With just a few weeks left in her Air Force career, Capt. Maribel Jarzabek decided to vent a little. She posted a few messages on a U.S. senator’s Facebook page, supporting the lawmaker’s push to overhaul the military justice system for sexual-assault cases.
Not long afterward, Jarzabek received an e-mail from a higher-ranking officer, informing her that she was under criminal investigation. The allegations? That she had wrongfully advocated “a partisan political cause” and expressed opinions online that could undermine public confidence in the Air Force.
Jarzabek is a military lawyer assigned as part of a new program to represent victims of sexual assault. Although the Defense Department has promoted the program as a success story and part of a broader campaign to crack down on sex crimes within the armed forces, Jarzabek had grown disillusioned and said she felt the Air Force was papering over deeper problems.
“Changes are needed, and it’s time that the public knew about the military’s true dirty little secrets!” she wrote Dec. 2 in a long comment posted on the Facebook page of Sen. Kirsten Gillibrand (D-N.Y.).
Under military regulations, uniformed personnel are prohibited from publicly participating in overt political causes. Appearing at a rally in uniform or endorsing a candidate is forbidden.
In her Facebook posts, Jarzabek identified herself as an active-duty Air Force lawyer, which apparently is what drew the attention of her superiors and prompted the investigation.
On Dec. 23, after a brief investigation, Jarzabek said she was notified by a commander that she had been found guilty of the allegations. The punishment was decidedly mild: She was given “verbal counseling,” or a warning not to do it again.
Although the outcome won’t appear as a black mark on her official military record, Jarzabek called the investigation a thinly veiled attempt to retaliate against her for advocating too strongly for sexual-assault victims. In an interview, she also questioned the timing, noting that her departure from the service was imminent. After a five-year career, Wednesday is her last day in the Air Force.
“I told the truth,” said Jarzabek, 34, who is stationed at Ramstein Air Base in Germany. “I do believe they are trying to silence me and also send a message to other special-victim counsels who agree with me but are afraid to speak up.”
Air Force Col. Kristine Kijek, the commander who upheld the allegations against Jarzabek, did not respond to an e-mail seeking comment. Lt. Col. Christopher Karns, an Air Force spokesman at the Pentagon, said he could not discuss details of Jarzabek’s case because of privacy restrictions.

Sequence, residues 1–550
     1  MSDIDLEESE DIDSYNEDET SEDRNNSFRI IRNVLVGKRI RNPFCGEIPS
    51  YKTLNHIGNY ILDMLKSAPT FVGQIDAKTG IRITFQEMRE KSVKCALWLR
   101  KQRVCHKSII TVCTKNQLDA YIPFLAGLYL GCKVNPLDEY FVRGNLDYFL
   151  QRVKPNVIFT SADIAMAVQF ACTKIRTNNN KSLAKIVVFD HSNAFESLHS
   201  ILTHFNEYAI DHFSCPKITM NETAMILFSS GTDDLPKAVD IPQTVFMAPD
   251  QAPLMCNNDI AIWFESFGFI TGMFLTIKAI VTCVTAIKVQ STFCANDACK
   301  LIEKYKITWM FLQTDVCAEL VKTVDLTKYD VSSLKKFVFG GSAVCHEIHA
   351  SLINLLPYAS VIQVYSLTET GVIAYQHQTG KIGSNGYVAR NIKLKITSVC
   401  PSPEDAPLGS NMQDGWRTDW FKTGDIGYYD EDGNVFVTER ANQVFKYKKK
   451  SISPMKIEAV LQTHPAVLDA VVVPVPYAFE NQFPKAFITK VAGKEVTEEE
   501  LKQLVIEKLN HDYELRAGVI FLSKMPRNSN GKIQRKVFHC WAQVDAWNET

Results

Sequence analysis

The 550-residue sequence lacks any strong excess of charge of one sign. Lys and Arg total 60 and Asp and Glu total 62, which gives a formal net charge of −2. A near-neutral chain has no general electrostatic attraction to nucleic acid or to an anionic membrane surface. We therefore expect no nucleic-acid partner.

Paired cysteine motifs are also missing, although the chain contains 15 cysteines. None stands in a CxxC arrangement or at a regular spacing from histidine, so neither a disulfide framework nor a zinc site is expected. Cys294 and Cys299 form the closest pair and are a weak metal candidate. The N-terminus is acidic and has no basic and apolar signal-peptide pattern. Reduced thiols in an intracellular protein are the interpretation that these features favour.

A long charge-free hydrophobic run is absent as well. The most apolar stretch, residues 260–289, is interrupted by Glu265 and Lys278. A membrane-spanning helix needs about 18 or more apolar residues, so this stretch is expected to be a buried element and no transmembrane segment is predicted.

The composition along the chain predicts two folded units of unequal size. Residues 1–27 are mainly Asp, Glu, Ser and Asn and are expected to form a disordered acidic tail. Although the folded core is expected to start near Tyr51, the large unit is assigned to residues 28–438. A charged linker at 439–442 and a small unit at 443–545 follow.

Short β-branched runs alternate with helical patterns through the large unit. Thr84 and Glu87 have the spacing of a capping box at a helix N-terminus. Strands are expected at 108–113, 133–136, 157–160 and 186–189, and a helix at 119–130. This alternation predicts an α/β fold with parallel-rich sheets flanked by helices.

In a statement, Karns said the Air Force “is strongly committed to combating sexual assault” and has “actively listened to feedback and suggestions concerning military justice improvements.”
He said any Air Force members who — like Jarzabek — believe that they have been retaliated against have the right to file a complaint with the Defense Department’s inspector general. Jarzabek said she decided not to go that route because such cases typically “go nowhere.”
The military’s record of investigating and prosecuting sexual assault cases has been a sensitive subject at the Pentagon and on Capitol Hill. Members of Congress and President Obama have demanded reforms amid a surge in reported incidents of rape and sexual abuse.
Military commanders have adopted a host of administrative and legal changes and have made clear to their troops that the issue is a top priority. But some lawmakers have been pressing for more radical changes.
Foremost has been a bill introduced by Gillibrand that would strip commanders of the authority to oversee investigations into sexual assaults and other serious crimes, giving those powers to uniformed prosecutors. Pentagon leaders have lobbied heavily against her proposal, saying it would undermine commanders and diminish their ability to maintain order and discipline.
A majority of senators voted in favor of Gillibrand’s measure in March, but the bill fell five votes short of the 60 necessary to clear a procedural hurdle. Gillibrand had been pushing for another vote in early December when Jarzabek posted her supportive comments on the senator’s Facebook page.
“I admire her bravery in speaking her mind, because I have heard from many other active-duty service members who have encouraged me privately to keep moving forward but are afraid to say it publicly out of fear of retribution or retaliation,” Gillibrand said in a written statement. “I think the message being sent here is very clear — unless you are going to toe the company line, shut up, or we will punish you.”
Jarzabek and her supporters said she had raised her superiors’ hackles previously by zealously advocating for sexual-assault victims. She was a key player in a case that led to the retirement of a three-star general a year ago after he was criticized for his oversight of an investigation of a rape suspect.
Don Christensen, a former chief prosecutor in the Air Force, now serves as president of the advocacy group Protect Our Defenders, which backs Gillibrand’s bill. He said the criminal investigation into Jarzabek would resonate within Air Force legal circles.
“It’s clear that if you support the current system and you do so publicly, then that’s something that’s considered praiseworthy and can get you promoted,” he said. “But if you oppose it and say so, you’ll get criminally prosecuted.”
An earlier version of this story mischaracterized the role played by Col. Kristine Kijek. She was the commander who found Jarzabek guilty of the allegations but was not the investigating officer.